A Massive Pre-historic Megalodon Shark That Stalked Oceans Millions of Years Ago

According to the researchers, Megalodon— which was believed to be double the length of a Great White shark— is much larger than imagined

Megalodon, the giant prehistoric shark that stalked the oceans millions of years ago, has fascinated scientists for years. And thanks to Hollywood, even a layman is enamored by the gigantic beast that makes modern-day sharks look like hatchling in comparison. Alas, all the knowledge about its size is nothing more than estimates. However, in a new study, scientists have managed to finally reveal how monstrous the razor-teethed marvel really was.

The study led by researchers from Swansea University and the University of Bristol, employed a number of mathematical methods to ascertain the exact size and proportions of Megalodon and analyzed five living shark relatives to arrive at an accurate measurement — nearly three times the size of a Great White Shark.

Palaeoartistic reconstruction of a 16 m Otodus megalodon scaled against a 1.65 m human Oliver E. Demuth

A Prehistoric Giant

Otodus megalodon is said to have lived from 23 to around three million years ago and is believed to have been double the length of a Great White shark, along with a bite force of over ten tonnes. Great White, which is one of the largest living species of sharks, is over six meters (20 feet) in length and packs a bite force of two tonnes.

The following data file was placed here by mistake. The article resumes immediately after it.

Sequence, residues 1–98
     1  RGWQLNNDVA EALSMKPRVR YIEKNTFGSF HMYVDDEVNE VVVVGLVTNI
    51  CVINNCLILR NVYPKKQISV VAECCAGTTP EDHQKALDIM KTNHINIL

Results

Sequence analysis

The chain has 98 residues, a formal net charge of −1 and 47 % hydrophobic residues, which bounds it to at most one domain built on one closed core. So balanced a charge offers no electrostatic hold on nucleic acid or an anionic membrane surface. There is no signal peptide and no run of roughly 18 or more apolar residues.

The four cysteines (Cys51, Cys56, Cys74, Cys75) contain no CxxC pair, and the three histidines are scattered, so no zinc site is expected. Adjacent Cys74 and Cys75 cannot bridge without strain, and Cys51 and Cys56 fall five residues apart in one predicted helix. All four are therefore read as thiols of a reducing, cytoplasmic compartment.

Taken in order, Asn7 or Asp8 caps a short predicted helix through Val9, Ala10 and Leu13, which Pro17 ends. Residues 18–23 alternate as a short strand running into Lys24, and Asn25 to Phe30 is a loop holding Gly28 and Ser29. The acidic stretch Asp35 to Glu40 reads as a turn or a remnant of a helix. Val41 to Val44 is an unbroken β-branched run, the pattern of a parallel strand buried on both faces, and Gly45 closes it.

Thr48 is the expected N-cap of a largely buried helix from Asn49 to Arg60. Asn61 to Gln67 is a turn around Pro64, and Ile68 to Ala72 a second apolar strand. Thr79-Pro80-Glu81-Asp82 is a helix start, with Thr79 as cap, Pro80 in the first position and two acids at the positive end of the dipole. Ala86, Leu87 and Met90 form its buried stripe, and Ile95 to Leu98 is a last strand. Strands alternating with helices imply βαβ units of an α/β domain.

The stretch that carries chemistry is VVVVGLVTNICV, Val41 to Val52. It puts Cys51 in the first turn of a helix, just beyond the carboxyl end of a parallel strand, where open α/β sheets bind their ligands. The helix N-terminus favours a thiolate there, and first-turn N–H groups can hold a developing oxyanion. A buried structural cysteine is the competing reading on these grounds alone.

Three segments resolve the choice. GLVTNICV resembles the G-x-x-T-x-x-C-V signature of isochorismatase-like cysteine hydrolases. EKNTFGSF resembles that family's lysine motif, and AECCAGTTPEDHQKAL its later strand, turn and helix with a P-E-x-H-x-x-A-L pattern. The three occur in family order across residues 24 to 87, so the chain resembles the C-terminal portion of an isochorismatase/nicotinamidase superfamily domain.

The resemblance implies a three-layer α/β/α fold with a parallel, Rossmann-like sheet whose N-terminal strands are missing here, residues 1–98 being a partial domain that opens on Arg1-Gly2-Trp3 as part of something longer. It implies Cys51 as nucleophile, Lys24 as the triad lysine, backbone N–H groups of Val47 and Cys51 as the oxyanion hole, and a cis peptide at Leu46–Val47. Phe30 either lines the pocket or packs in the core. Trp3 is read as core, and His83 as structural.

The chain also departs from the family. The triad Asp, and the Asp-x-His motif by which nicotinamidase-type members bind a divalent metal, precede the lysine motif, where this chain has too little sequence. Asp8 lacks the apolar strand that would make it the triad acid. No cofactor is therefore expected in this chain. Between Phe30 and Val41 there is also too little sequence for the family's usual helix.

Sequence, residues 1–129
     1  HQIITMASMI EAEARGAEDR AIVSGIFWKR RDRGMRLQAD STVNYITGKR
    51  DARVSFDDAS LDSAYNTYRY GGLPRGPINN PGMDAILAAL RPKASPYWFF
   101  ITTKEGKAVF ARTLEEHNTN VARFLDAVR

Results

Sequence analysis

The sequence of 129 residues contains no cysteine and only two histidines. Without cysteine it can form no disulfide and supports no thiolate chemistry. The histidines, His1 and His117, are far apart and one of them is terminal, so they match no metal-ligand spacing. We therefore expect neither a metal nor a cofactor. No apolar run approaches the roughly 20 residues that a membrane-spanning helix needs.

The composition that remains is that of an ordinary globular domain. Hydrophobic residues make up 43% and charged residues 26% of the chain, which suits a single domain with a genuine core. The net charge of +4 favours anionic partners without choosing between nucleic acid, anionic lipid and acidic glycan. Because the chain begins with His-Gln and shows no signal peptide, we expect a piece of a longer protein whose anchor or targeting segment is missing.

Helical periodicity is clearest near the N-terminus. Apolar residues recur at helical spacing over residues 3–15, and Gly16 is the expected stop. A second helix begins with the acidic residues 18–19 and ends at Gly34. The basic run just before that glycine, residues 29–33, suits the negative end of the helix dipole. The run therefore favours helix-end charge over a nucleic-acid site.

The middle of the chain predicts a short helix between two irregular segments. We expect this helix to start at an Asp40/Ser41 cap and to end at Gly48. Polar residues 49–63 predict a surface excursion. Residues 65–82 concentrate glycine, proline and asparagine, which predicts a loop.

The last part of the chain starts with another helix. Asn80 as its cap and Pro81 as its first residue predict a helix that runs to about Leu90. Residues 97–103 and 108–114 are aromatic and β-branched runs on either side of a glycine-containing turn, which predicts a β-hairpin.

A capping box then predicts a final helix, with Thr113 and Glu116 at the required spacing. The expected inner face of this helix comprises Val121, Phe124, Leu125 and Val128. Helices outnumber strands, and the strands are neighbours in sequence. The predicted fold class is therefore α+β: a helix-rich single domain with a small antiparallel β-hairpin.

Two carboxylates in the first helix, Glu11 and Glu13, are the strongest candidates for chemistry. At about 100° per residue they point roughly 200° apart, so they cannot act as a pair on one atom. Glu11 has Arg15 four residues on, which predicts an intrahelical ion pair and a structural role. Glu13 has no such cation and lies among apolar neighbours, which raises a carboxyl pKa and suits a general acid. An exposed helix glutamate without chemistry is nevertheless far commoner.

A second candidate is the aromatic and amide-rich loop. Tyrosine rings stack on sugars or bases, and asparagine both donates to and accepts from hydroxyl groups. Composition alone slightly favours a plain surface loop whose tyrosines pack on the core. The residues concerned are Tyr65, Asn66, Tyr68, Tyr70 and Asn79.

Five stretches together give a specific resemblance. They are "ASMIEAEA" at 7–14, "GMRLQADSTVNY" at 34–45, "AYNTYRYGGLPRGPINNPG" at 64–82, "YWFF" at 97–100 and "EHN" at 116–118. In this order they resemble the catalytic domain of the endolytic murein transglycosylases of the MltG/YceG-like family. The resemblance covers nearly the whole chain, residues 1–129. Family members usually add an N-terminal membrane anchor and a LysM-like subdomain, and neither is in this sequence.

Unfortunately, all that we have known so far about the size of Megalodon is based on estimates arrived upon by studying the only available fossils of the creature — its huge triangular cutting teeth that are larger than a human hand. Jack Cooper, co-author of the study, said in a statement that study of the whole animal is difficult considering that all they have are many isolated teeth.

Megalodon Tooth Wikimedia Commons

In order to arrive at a definitive size of the ancient predator, then scientists chose a mathematical method that took the comparisons of living relatives with physiological and ecological similarities to Megalodon into consideration.

Seizing Up A Monster

Dr. Catalina Pimiento, co-author of the study explained: "Megalodon is not a direct ancestor of the Great White but is equally related to other macropredatory sharks such as the Makos, Salmon shark and Porbeagle shark, as well as the Great white. We pooled detailed measurements of all five to make predictions about Megalodon."

The authors had to be certain about the changing proportions of the modern sharks as they grew up before making projections about Megalodon. So they scrutinized their growth from their infancy to their adulthood.

"But we were surprised, and relieved, to discover that in fact that the babies of all these modern predatory sharks start out as little adults, and they don't change in proportion as they get larger," said Pimiento.

So How Large Was Megalodon?

The next step for the authors was to use the data gathered from the five species of sharks to project the size of the mighty Megalodon. Illustrating the process, Dr.Cooper said, "We could simply take the growth curves of the five modern forms and project the overall shape as they get larger and larger – right up to a body length of 16 meters."

Comparison of an adult Megalodon's dorsal fin to a 1.6 m diver Oliver E. Demuth

So the million-dollar question is, how large was the Otodus megalodon? According to results, it is suggested that a 16-meter-long Otodus megalodon probably had a head that was 4.65 meters long, a dorsal fin that was approximately 1.62 meters tall, and a tail that was nearly around 3.85 meters high. Therefore, if an adult human being stood on the back of this gargantuan shark, they would be roughly as tall as its dorsal fin.